Bush on Tamir Rice: 'The process worked'

By Ann Marie Awad  |  Dec. 31, 2015 at 12:30 PM
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LEXINGTON, S.C., Dec. 31 (UPI) -- When asked for his thoughts on the grand jury decision not to indict the police officer who fatally shot 12-year-old Tamir Rice, Republican presidential candidate Jeb Bush said "the process worked."

Bush was speaking to reporters at a town hall in Lexington, S.C., Thursday. One reporter asked him to weigh in on the Rice case.

"As you know, the officers that killed 12-year-old Tamir Rice were not indicted," she said. " So I'm wondering if you think that people in those communities, those of Tamir Rice and Sandra Bland -- do you feel those people feel we have their back?"

"I think that Chicago's got a lot of work to do to rebuild trust. The level of violence is abhorrent," Bush responded."

Rice's shooting took place in Cleveland, Ohio, and when the reporter corrected Bush, he said: "I'm sorry, my bad."

"In every community where you have these cases, elected officials and the police chief need to engage with the community to rebuild trust," he continued. "If there is a grand jury that looks at all the facts and doesn't indict maybe there's reasons for that. I don't believe that every grand jury is racist."

Bush then went on to criticize the Obama administration for opening civil rights investigations into the deaths of young black men like Rice at the hands of police.

"There's been lots of cases where he goes out and calls for an investigation and turns out nothing, there's nothing there, no civil rights violations or any of the civil violations that he had jurisdiction over," he said. "So, I think there should be more caution by using the federal government's power and more focus on trying to rebuild trust from the bottom up."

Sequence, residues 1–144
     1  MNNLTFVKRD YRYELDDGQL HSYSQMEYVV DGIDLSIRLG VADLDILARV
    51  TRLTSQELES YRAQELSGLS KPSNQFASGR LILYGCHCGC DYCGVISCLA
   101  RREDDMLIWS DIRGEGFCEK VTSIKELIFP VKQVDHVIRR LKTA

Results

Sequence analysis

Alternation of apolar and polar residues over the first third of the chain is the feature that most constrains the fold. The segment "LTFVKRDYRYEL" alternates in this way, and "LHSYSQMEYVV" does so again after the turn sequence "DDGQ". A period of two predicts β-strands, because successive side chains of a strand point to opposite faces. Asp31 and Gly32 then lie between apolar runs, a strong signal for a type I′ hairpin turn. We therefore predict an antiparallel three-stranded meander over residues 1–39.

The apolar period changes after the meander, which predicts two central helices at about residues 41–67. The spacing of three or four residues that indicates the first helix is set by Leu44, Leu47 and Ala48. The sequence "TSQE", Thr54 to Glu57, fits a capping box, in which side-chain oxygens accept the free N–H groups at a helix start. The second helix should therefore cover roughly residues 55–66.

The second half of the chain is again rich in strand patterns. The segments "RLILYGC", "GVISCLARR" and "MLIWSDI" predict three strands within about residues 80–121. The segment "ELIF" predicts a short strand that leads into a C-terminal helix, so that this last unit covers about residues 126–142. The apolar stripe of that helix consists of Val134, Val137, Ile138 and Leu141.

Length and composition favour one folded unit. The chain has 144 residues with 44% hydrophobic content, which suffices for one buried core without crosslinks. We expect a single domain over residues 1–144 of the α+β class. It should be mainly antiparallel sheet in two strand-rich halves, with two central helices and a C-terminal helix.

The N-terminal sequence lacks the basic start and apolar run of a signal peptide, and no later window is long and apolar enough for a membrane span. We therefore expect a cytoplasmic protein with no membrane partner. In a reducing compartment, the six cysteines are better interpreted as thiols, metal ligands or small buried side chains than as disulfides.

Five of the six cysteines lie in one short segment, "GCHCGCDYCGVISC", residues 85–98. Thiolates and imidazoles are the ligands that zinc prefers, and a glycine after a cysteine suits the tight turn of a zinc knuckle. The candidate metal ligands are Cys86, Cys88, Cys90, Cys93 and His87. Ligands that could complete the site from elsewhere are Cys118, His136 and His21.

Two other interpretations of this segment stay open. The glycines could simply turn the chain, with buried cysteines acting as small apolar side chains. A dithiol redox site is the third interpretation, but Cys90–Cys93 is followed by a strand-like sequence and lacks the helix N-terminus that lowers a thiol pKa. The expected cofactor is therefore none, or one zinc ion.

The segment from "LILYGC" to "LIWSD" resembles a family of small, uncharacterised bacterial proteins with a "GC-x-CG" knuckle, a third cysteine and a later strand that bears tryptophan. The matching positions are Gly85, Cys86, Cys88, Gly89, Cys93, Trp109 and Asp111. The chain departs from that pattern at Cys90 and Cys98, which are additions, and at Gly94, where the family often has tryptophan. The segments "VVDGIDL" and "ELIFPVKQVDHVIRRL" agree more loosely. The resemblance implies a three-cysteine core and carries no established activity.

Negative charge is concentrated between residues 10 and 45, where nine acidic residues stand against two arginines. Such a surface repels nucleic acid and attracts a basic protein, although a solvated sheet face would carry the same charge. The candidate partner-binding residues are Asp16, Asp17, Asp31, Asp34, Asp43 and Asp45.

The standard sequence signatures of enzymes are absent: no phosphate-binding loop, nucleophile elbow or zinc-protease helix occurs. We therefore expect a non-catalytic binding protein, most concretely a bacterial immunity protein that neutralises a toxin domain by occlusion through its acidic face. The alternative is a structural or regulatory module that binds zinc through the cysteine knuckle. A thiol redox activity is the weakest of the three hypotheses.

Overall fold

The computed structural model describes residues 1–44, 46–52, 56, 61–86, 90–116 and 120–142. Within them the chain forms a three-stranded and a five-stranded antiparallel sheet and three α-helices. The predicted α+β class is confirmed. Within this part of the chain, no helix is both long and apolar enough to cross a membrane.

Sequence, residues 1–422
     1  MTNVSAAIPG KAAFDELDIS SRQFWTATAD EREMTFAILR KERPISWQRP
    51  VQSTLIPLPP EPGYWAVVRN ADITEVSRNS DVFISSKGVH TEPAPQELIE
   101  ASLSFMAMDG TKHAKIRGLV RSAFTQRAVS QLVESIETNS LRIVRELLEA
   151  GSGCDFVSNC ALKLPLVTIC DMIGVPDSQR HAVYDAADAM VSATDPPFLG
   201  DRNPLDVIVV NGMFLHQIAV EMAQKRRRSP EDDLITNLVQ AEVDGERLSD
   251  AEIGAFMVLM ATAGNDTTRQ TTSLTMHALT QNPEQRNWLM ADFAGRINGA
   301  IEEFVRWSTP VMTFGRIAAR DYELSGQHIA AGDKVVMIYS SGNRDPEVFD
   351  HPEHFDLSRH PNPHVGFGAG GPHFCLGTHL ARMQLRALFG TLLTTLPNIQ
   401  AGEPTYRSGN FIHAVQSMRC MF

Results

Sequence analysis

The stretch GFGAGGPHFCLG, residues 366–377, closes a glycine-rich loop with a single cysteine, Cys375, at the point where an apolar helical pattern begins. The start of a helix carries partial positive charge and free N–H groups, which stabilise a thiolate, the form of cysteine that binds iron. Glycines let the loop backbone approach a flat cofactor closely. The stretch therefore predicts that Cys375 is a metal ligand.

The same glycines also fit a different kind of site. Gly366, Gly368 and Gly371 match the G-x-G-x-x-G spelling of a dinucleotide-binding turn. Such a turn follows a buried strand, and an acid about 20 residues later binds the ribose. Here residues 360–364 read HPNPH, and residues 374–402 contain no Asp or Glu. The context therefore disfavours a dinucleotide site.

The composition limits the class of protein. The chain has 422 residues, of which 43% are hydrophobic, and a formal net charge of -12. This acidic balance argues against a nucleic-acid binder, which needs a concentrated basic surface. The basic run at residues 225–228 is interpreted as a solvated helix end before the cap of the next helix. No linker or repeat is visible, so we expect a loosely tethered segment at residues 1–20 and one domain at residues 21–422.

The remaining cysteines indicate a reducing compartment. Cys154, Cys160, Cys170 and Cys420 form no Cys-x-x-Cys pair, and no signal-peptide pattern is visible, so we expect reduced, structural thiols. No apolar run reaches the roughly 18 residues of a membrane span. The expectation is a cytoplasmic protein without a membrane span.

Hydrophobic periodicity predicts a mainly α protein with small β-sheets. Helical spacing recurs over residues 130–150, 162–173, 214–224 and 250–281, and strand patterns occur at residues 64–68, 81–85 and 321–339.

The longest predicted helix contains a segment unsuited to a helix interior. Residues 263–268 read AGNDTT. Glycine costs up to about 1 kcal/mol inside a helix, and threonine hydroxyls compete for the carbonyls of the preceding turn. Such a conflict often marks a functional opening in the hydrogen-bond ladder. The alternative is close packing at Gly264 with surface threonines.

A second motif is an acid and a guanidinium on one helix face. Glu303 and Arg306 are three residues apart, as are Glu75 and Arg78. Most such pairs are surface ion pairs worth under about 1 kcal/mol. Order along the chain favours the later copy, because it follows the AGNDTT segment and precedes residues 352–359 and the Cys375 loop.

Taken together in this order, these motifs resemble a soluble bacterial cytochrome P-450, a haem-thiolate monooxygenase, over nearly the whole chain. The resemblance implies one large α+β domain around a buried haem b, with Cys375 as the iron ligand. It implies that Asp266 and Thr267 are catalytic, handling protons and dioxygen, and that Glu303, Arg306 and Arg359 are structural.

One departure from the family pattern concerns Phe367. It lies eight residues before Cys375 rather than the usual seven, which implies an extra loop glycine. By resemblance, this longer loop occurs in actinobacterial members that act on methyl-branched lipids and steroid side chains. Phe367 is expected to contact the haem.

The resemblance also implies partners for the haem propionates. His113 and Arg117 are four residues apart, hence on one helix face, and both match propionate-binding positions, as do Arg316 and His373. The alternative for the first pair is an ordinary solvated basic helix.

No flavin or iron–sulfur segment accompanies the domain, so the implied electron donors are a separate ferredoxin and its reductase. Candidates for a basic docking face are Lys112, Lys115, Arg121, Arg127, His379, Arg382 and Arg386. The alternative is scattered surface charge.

The Department of Justice has opened up a civil rights investigation into Rice's death. A previous investigation into the case of Michael Brown, who died at the hands of a police officer in Ferguson, Mo., last year, turned up no civil rights complaints. However, another report issued the same day found the Ferguson Police Department "engaged in a pattern or practice of conduct that violates the First, Fourth, and 14th Amendments of the Constitution."

The Justice Department is currently investigating the death of Freddie Gray, who died earlier this year from injuries he sustained while in the custody of Baltimore police. An investigation is also underway into the death of Eric Garner, a man who died in Staten Island, N.Y., last year when police placed him in a choke hold.

Bush previously dismissed the Black Lives Matter movement that has sprung up in the aftermath of the deaths of Rice, Martin, Brown, Garner and more.

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